Cosmetic surgery, like all other medical specialties, is a continually evolving field. It is unique in the blend of art, science and technology. The techniques involved include a stunning array of traditional and new innovated methods.
Blepharoplasty surgery: Eyelid surgery, or blepharoplasty, corrects droopy eyelids by removing excess skin, muscle and fat. Upper and lower eye lid can be corrected simultaneously to rejuvenate the eyes and protruding fat and excess skin can be addressed simultaneously by excision.
Brow and forehead lifts: This technique raises eyebrows and reduces ridges and furrows on the forehead, thus creating a smoother, more youthful appearance. This procedure can be performed in conjunction with other surgeries.
Newer techniques perform forehead lifting through small incisions in the scalp by using an endoscope and specialised instruments. This accelerates the healing process.
Face lift or rhytidectomy: It is designed to restore a more youthful appearance by removing major wrinkles and sagging skin. It involves tightening of the facial and neck muscles as well as the removal of any excess skin.
Nose surgery or rhinoplasty: Nose forms the centre of the face and can make either a good or a bad statement. The surgery of the nose involves changes to all or some parts in the nose and re-shaping.
Scar removal: A facial scar is frequently considered a cosmetic problem because of its location. There are several ways to make a facial scar less noticeable. Often, it is simply cut out and closed with tiny stitches, leaving a thinner, less noticeable scar. If the scar lies across the natural skin creases [or lines of relaxation], the surgeon may reposition it to run parallel to these lines, where it will be less conspicuous.
Some facial scars can also be softened using a technique called dermabrasion—a controlled scrapping of the top layers of the skin using a hand-held, high speed rotary wheel. This makes the skin surface smooth, but doesn’t completely erase the scar.
Z-plasty is another surgical technique used to reposition a scar so that it more closely conforms to the natural lines and creases of the skin, where it will be less noticeable. It can also relieve the tension caused by contracture [shortening of a muscle]. Not all scars lend themselves to Z-plasty, and it requires an experienced plastic surgeon to make such judgments.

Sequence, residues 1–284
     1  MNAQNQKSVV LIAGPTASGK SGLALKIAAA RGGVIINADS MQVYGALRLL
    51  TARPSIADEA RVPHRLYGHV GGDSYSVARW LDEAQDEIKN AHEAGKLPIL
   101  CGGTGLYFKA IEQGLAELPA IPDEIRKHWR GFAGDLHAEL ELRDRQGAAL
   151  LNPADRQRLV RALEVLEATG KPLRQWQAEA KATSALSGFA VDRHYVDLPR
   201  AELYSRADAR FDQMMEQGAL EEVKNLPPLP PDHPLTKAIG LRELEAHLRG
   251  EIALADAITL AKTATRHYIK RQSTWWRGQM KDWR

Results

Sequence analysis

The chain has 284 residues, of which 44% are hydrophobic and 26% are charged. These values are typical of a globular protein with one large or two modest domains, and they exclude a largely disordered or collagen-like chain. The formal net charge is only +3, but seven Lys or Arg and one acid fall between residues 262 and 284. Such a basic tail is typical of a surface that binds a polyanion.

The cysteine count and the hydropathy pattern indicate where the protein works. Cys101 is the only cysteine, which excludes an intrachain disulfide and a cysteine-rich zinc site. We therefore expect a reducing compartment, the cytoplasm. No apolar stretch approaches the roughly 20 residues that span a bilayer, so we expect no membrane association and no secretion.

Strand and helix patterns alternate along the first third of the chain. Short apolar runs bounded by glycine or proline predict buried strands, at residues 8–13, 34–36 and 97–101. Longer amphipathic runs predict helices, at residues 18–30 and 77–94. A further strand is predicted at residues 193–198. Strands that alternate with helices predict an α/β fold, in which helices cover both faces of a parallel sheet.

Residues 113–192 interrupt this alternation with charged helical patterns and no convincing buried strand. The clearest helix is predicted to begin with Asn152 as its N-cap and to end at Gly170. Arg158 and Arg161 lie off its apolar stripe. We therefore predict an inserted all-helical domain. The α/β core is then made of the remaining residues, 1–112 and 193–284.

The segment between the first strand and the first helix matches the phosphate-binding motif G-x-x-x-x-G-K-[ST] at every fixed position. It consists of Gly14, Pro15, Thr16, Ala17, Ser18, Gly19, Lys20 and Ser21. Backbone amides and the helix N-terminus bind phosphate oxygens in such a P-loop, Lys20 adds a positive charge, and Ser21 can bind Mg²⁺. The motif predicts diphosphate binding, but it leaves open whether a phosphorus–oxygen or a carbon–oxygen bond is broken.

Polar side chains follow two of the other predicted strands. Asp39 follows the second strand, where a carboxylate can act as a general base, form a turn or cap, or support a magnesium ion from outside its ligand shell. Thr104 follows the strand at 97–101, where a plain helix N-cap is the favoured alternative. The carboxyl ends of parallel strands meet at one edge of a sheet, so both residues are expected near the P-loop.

Skin grafting, flaps, and low-dose steroid injections can also help in some cases.
Dimple creation: The demand for surgically created dimples is increasing. This is a safe and effective surgery, which is done under local anaesthesia as a day care procedure. Under local anaesthesia, a small depression is created in the muscle of cheek region. This is done through the inside of the mouth without external scars.
Botox: Botox is a toxin produced by the bacteria Clostridium botulinum and is used as a paralysing agent for the muscles of expression. This weakens the fine muscles in the forehead, around the eyes and the glabellar areas [deep vertical and horizontal creases between the eyebrows]. As a result, frown lines, forehead creases and crow’s feet are reduced or eliminated.
Fillers: Injected fillers are primarily used to improve skin texture. It can help fill out deep facial wrinkles, creases and furrows, skin depressions and some types of scars. It can also be used to give a fuller and more sensuous look to the lips. Fillers are not usually sufficient for severe surface wrinkles on the face, such as multiple vertical ‘lipstick lines’ that sometimes form around the mouth.
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